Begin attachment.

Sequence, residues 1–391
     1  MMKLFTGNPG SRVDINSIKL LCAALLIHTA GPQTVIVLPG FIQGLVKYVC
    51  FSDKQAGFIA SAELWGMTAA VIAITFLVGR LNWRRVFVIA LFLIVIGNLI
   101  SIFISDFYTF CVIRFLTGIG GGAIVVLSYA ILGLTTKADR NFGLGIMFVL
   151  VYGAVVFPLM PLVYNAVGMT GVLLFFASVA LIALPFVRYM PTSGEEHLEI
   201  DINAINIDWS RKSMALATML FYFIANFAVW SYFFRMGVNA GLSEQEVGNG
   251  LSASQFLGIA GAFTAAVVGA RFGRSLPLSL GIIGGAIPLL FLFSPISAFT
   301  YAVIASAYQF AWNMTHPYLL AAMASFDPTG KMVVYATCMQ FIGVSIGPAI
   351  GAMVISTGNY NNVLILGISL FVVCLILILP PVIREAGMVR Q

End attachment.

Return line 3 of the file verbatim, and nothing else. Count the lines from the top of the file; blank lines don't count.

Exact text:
    51  FSDKQAGFIA SAELWGMTAA VIAITFLVGR LNWRRVFVIA LFLIVIGNLI